Time to set up a Ministry of Minority Affairs


By Dr. Lim Teck Ghee | 04 January 2013 09:19
CPI

As we begin a new year, a rash of old issues and challenges confront the country. Chief amongst them are racial and religious tensions and a rising sense of marginalization and alienation among our minority communities while at the same time the majority community feels threatened and insecure.

Many of these problems are deeply entrenched. Their effects are no longer confined to a small part of our body politic or emerge as isolated and unconnected events. They have infiltrated into all sectors of society and cast a shadow in the life of every Malaysian – in our everyday thought processes, in our consciousness and in our actions.

The problems that are associated with the ethnic and religious divide between Malays and non-Malays and between Muslims and non-Muslims will not be resolved quickly. There is no magical remedy.

Many of these problems stem from our seriously weakened social cohesion and the growing disunity that our nation has experienced during the past four decades. The intangible but potent glue of harmony, sense of community and commitment to realizing the common good that binds countries and their people together has long broken down in Malaysia.

The start of a new year is a good time to spend pondering on how to recover this spirit of lost social cohesion and to focus on what can be done to rebuild it.

Addressing the plight of small minorities

The sense of alienation and marginalization is most palpable among Indian, Orang Asli and other small minority communities. Although some members of these groups can make their way up the socio-economic ladder with their own resources, nonetheless many of the rest are wallowing in poverty and deprivation. They will require a special helping hand if they are able to ever escape from the straitjacket of impoverishment and stagnation.

As the race-oriented New Economic Policy is jettisoned in place of a new national policy paradigm based on need and not race, how do we ensure that these groups –which have badly lagged behind other communities in every single important indicator of development and wellbeing – do not lose out again in the implementation of the New Economic Model during the next decade?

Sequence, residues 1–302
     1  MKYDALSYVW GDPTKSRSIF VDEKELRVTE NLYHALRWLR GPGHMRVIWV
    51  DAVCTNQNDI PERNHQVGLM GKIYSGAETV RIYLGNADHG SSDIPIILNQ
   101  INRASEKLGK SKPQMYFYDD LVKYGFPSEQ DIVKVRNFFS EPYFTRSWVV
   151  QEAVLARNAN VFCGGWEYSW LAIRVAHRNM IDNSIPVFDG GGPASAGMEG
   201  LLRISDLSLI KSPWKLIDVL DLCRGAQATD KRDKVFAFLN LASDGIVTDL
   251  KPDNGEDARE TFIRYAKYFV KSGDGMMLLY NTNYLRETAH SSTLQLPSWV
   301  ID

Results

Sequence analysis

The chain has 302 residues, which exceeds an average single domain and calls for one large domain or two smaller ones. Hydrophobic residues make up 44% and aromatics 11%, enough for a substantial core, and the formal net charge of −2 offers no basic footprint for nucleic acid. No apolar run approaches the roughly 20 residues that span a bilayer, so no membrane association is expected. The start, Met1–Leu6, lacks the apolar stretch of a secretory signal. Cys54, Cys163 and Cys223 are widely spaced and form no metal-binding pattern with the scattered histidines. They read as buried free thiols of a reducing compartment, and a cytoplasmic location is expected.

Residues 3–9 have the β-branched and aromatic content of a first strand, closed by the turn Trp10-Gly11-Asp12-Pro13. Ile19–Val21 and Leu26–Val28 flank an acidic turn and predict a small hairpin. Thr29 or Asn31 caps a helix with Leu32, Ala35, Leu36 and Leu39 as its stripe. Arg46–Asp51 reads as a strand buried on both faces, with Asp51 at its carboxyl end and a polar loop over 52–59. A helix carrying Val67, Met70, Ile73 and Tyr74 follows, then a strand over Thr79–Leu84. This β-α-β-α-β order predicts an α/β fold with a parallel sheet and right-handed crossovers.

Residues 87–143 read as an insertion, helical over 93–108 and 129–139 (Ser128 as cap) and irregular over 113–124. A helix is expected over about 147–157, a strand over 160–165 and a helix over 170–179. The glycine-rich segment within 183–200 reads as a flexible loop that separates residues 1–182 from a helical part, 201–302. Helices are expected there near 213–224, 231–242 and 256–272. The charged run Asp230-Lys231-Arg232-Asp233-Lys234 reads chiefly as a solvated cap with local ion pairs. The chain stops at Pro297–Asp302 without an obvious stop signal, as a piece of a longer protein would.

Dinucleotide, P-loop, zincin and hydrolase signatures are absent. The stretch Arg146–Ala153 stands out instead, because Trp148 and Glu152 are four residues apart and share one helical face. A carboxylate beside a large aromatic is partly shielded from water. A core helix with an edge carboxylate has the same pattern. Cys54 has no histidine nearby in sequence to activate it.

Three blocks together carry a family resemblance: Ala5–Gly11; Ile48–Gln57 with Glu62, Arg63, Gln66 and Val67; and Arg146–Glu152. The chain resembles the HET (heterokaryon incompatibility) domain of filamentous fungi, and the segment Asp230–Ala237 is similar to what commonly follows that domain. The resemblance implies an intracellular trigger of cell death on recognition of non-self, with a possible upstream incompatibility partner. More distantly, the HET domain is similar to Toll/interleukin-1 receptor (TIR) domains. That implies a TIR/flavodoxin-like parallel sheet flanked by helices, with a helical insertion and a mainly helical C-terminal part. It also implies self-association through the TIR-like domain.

How do we guarantee that poor and needy members of small minority communities will be scrupulously and fairly targeted for assistance and do not disappear or are lost sight of in our national agenda of development that will be inevitably dominated by the concerns of the dominant Malay, and to some extent, the Chinese community?

To undo the negative impact of decades of government neglect and discrimination against the smaller minority communities as well as to steer a new path for social cohesion and social justice that will embrace all Malaysians, it may be necessary to establish a new Ministry that can mobilize and lead future efforts in the public sector aimed at improving the life prospects of downtrodden minority Malaysians.

Hindraf’s blueprint

Two months ago, to mark the fifth anniversary of the movement’s rally in KLCC on Nov 25, 2007 – the event which precipitated a new dawn of political consciousness in Malaysia – Hindraf unveiled a blueprint proposing solutions to overcome the plight of ethnic Indian community, especially the 800,000 displaced estate workers and 350,000 stateless Indians.

Towards the end of the blueprint document is a proposal to establish a Ministry of Minority Affairs that would plan and execute development efforts to address the educational, housing, resettlement and employment needs of marginalized Indians.